Retailers Not Backing Down in Swipe Fee Battle
DETROIT -- On the same day the Federal Reserve was originally supposed to finalize new regulations for debit card swipe fees, one Detroit-area retailer took the opportunity to make his case known in an opinion column in the Detroit Free Press.
"Detroit-area retailers and consumers need U.S. Sen. Debbie Stabenow, D-Mich., and U.S. Rep. Thaddeus McCotter, R-Livonia, to go to bat for them to ensure that a cap on debit card fees takes effect as planned this summer," wrote Tommy Paull, operations manager at the Cigar Factory Outlet in Troy, Mich. "Members of Michigan's congressional delegation are facing a well-financed effort by big banks and credit card companies to derail the reforms, which are part of the Wall Street Reform and Consumer Protection Act signed into law last year. That can't happen -- small businesses and beleaguered consumers need a break on sky-high debit card fees."
U.S. Federal Reserve Chairman Ben Bernanke told lawmakers late last month that the Fed wouldn't be able to meet the original April 21 deadline for issuing new rules. The Fed in December proposed capping the debit fees -- also known as interchange fees -- at 12 cents per transaction.
Bernanke, in his letter to lawmakers, noted that more than 11,000 commenters weighed in on the Fed's controversial proposal to rein in the interchange fees, and he said the information provided in those comments is important for assessing the effects of the rule.
"Because of the volume of comments and the complexity of the issues raised in those comments...we have concluded that we will be unable to meet the [Dodd-Frank Act's] directive that the board issue final interchange fee standards by April 21," Bernanke wrote.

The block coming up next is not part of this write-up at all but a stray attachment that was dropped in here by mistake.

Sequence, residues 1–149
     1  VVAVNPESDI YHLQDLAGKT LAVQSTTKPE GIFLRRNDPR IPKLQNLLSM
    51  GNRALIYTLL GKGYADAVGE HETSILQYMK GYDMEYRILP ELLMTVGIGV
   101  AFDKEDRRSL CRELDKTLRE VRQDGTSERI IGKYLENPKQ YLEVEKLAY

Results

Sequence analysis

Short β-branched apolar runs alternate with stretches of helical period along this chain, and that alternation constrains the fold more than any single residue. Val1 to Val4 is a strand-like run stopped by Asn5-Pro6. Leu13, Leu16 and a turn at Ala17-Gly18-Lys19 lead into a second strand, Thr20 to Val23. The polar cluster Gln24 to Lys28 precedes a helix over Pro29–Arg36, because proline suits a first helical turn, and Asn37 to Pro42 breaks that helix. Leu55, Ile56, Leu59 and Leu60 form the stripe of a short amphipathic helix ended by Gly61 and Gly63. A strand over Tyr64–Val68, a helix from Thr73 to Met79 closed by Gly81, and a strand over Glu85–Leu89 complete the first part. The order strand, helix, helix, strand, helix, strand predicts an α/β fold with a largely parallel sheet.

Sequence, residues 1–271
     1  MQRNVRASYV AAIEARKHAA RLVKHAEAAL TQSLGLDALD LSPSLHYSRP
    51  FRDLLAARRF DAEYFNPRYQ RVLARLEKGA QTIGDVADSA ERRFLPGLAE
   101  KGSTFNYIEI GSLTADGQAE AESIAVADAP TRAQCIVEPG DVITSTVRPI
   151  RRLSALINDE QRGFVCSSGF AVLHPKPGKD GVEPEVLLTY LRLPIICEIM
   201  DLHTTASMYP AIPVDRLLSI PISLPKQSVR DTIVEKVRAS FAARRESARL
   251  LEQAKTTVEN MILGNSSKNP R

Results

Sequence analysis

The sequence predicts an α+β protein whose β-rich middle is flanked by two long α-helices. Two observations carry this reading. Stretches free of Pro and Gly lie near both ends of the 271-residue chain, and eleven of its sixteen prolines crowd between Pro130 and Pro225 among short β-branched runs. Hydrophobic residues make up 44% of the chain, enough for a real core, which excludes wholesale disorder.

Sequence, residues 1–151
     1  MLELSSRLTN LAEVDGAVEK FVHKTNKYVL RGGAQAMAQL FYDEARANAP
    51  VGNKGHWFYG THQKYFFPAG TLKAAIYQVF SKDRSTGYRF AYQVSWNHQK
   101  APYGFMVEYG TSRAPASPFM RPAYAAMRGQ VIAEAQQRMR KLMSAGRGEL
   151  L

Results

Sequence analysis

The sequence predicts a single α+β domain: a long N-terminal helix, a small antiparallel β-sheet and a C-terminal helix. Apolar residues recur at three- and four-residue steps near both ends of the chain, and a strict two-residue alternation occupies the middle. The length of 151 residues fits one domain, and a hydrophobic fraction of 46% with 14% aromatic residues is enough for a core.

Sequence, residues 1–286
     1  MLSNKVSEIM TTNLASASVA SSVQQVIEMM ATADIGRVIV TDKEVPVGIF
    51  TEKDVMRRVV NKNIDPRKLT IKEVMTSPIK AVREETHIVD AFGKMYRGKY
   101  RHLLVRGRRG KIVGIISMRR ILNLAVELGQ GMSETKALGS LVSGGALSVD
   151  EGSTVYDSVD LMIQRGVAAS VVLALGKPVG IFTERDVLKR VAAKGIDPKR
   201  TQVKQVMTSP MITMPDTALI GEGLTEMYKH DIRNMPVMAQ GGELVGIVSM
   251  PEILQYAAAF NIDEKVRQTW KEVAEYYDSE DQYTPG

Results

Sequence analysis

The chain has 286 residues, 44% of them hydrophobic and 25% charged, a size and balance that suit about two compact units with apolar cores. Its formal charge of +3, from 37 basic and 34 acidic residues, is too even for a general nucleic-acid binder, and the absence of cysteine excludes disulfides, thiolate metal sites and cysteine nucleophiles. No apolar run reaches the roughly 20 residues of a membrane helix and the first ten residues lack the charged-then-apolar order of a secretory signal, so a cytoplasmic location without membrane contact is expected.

The Fed plans to issue its rules by July 21, which is also when they are slated to go into effect.
"We recognize that the act's provisions limiting interchange fees become effective by their terms on July 21 even without board regulations and we are committed to completing the rulemaking for the provisions in advance of that date," Bernanke wrote. "I want to assure you that we are devoting substantial resources to these efforts to ensure that we give the issues the careful consideration they deserve."
In his opinion column today, Paull noted that the average debit card transaction costs only about 4 cents to process, "yet big banks and MasterCard and Visa -- which have cornered 80 percent of the market -- gouge us with fees 10 times that amount, or an average 44 cents per transaction."
"Small business owners have watched helplessly as swipe fees have mushroomed by 300 percent over the last decade. And when a local merchant gets socked with higher fees, the cost is passed along to the consumer through higher prices," Paull continued.
"Michigan's members of Congress must resist cozying up to big banks and instead stand up for consumers and small business owners who are the backbone of our economy. They should ensure that caps on debit card fees go into effect this summer as planned."